London Museum, in a style of magred colour, and very soft, but, ment to the metropolis. In most when exposed to the air, lost its co- departments, the subjects have been lour, and acquired consistency. doubled in number; the specimens Having prosecuted these researches for a space of seven leagues along are choice, in the highest possible the strand, he every where found preservation, and are arranged acthe remains of the ancient buried cording to the Linnean system. forest.
They consist of about 15,000 species Bonaparte has enjoined his mi. of quadrupeds, birds, reptiles, fishes,
Bonaparte has enjoined his mi- insects, corals, &c. &c, collected nister to order the Prefects of Departments to enforce the cultivation during twenty years unwearied apof beet root. Each department is
plication, and at an expence exto cultivate a number of acres of
ceeding L.30,000. this plant under a penalty ; the dis- By the assiduity of the Danish tribution to each farmer is vested government, the Vaccine Inocula-in the prefect, whose neglect is to tion has been so thoroughly introbe punished with a fine and depri- duced among the population, that, vation of office; the total number during the course of the year 1811, of the hectares to be planted is there has not been a single case of 100,000.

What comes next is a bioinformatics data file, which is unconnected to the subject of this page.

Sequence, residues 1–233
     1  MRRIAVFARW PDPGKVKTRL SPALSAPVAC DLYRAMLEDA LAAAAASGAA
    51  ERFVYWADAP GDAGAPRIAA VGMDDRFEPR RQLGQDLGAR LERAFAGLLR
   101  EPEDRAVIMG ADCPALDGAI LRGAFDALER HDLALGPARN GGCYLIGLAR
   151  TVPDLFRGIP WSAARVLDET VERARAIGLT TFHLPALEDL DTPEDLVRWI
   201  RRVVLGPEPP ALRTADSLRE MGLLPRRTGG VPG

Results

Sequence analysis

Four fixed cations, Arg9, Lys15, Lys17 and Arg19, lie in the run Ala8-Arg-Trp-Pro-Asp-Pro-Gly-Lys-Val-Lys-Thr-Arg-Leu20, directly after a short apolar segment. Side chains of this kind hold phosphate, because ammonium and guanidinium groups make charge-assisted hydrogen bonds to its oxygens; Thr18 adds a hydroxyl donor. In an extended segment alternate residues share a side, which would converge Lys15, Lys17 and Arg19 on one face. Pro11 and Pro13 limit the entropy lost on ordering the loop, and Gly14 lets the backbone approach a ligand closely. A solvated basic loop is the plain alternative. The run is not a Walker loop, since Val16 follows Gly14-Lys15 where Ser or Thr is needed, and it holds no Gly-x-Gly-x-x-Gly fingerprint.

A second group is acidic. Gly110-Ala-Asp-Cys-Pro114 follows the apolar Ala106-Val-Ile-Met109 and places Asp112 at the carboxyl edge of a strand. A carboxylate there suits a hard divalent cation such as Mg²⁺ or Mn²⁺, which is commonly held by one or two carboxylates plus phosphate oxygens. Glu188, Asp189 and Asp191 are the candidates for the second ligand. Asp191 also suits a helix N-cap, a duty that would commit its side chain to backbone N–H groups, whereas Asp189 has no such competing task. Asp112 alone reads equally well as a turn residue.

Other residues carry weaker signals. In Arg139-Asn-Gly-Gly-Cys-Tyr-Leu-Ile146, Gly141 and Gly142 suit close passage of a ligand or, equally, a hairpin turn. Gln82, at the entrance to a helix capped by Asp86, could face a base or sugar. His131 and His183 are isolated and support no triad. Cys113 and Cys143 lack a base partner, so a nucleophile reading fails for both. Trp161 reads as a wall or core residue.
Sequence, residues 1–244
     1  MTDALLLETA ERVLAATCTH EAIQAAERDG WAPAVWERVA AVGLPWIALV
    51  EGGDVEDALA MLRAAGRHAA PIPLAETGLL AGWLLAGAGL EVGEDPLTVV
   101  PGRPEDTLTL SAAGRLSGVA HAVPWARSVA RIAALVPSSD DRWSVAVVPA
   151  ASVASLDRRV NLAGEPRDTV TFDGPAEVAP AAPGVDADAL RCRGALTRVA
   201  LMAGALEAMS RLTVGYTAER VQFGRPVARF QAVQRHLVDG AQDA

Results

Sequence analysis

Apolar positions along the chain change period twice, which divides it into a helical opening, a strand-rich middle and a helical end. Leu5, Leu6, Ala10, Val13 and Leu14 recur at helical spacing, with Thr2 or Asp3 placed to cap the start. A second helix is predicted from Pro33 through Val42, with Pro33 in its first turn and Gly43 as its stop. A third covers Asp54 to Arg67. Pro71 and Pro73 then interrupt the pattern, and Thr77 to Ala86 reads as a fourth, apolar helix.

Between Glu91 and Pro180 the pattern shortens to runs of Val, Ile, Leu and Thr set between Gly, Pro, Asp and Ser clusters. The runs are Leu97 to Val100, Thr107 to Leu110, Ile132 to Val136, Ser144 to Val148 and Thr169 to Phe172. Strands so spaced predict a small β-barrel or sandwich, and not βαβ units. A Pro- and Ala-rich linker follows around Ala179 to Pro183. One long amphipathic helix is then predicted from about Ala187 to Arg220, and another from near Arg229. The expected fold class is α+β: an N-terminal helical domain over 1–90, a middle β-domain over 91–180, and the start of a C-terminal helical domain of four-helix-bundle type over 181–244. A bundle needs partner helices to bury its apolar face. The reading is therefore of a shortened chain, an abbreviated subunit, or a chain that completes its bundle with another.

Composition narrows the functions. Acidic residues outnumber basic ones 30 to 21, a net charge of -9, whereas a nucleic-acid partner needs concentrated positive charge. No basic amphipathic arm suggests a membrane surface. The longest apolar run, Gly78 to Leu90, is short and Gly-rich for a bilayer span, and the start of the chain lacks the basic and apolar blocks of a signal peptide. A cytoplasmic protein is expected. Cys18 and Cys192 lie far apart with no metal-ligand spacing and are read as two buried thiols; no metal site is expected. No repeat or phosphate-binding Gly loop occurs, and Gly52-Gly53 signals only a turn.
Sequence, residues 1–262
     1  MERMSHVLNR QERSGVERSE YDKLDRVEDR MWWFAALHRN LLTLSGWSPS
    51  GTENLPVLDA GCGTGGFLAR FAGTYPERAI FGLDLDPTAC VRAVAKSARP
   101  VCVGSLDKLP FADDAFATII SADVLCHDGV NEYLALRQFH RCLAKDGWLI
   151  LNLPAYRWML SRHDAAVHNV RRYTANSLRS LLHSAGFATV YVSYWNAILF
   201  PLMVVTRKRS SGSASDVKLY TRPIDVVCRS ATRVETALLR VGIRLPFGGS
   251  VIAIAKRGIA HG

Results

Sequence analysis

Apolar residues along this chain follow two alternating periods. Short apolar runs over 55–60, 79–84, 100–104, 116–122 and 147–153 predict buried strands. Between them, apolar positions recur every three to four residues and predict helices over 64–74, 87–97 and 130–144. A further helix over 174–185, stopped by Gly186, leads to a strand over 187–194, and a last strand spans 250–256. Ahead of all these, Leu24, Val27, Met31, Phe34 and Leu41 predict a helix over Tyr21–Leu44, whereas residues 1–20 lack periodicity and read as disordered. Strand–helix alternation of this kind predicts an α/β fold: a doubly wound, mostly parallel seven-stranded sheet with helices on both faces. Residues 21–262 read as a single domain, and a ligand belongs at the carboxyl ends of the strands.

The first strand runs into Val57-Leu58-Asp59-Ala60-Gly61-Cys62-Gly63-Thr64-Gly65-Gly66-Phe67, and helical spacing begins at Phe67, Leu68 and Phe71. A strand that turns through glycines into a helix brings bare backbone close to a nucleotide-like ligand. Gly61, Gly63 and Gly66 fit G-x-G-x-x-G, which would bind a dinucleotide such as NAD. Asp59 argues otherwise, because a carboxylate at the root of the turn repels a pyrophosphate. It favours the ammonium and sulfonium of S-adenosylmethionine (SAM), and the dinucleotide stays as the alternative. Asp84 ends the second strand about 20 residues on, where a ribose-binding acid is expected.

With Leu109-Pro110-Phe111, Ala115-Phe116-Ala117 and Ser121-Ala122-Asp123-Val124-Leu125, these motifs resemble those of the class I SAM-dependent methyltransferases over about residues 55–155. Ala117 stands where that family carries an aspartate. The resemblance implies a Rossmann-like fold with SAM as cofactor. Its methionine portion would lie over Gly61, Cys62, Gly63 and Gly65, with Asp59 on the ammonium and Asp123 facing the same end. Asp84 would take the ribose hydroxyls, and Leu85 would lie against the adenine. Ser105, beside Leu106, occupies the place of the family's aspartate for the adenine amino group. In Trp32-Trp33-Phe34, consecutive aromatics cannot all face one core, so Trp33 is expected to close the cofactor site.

small pox in Copenhagen.
Biographical Account of the late his opinions ; not the result of rash
Generat Mackinnon, who fell at and confident temper, but of acute Cinulad Rodrigo
perceptions, and a mind uncommon
ly sagacious and reflecting. His MAJAR:Generne Hennes sont AJOR-GENERAL HENRY Mac- progress in those studies to which
KINNON, the youngest son his attention was directed, and parof William Mackinnon, * of Mac- ticularly in the mathematical scienkinnon, was born in the month of ces, was, at this period, the admiraAugust, in the year 1773, at his fa- tion of his masters, and, to the eyes ther's residence, then called Long- of his most discerning friends, prewood, now Rose-hill, the seat of sented a fair prospect of the greatthe Earl of Northesk, in the vicini. est eminence in his profession. ty of Winchester. His mother was Thus qualified, he entered the the daughter of James Vernun, the army in the fitteenth year of his younger son of Henry Vernon, of age, and served during three years Hilton, in Staffordshire.